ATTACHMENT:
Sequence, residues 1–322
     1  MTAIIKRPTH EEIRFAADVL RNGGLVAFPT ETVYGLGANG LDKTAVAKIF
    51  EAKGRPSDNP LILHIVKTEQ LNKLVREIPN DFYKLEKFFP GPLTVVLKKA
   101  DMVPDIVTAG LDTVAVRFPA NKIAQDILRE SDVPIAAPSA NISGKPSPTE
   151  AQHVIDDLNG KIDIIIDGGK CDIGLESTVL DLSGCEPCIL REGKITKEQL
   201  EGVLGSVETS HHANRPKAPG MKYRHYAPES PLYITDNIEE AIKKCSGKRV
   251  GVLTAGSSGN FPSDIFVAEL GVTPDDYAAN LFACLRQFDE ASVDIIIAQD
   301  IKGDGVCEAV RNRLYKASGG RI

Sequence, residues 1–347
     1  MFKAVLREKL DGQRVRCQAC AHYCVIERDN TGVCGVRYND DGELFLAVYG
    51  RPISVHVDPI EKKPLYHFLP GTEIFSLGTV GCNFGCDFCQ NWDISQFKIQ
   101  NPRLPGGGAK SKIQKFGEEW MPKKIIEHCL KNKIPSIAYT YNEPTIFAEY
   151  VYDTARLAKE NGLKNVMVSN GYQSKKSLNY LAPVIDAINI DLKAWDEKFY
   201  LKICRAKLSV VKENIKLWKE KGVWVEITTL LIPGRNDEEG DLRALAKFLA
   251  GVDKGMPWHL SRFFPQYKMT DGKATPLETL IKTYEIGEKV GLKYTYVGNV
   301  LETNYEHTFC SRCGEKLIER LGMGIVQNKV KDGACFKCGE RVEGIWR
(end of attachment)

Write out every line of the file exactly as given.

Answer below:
Sequence, residues 1–322
     1  MTAIIKRPTH EEIRFAADVL RNGGLVAFPT ETVYGLGANG LDKTAVAKIF
    51  EAKGRPSDNP LILHIVKTEQ LNKLVREIPN DFYKLEKFFP GPLTVVLKKA
   101  DMVPDIVTAG LDTVAVRFPA NKIAQDILRE SDVPIAAPSA NISGKPSPTE
   151  AQHVIDDLNG KIDIIIDGGK CDIGLESTVL DLSGCEPCIL REGKITKEQL
   201  EGVLGSVETS HHANRPKAPG MKYRHYAPES PLYITDNIEE AIKKCSGKRV
   251  GVLTAGSSGN FPSDIFVAEL GVTPDDYAAN LFACLRQFDE ASVDIIIAQD
   301  IKGDGVCEAV RNRLYKASGG RI

Sequence, residues 1–347
     1  MFKAVLREKL DGQRVRCQAC AHYCVIERDN TGVCGVRYND DGELFLAVYG
    51  RPISVHVDPI EKKPLYHFLP GTEIFSLGTV GCNFGCDFCQ NWDISQFKIQ
   101  NPRLPGGGAK SKIQKFGEEW MPKKIIEHCL KNKIPSIAYT YNEPTIFAEY
   151  VYDTARLAKE NGLKNVMVSN GYQSKKSLNY LAPVIDAINI DLKAWDEKFY
   201  LKICRAKLSV VKENIKLWKE KGVWVEITTL LIPGRNDEEG DLRALAKFLA
   251  GVDKGMPWHL SRFFPQYKMT DGKATPLETL IKTYEIGEKV GLKYTYVGNV
   301  LETNYEHTFC SRCGEKLIER LGMGIVQNKV KDGACFKCGE RVEGIWR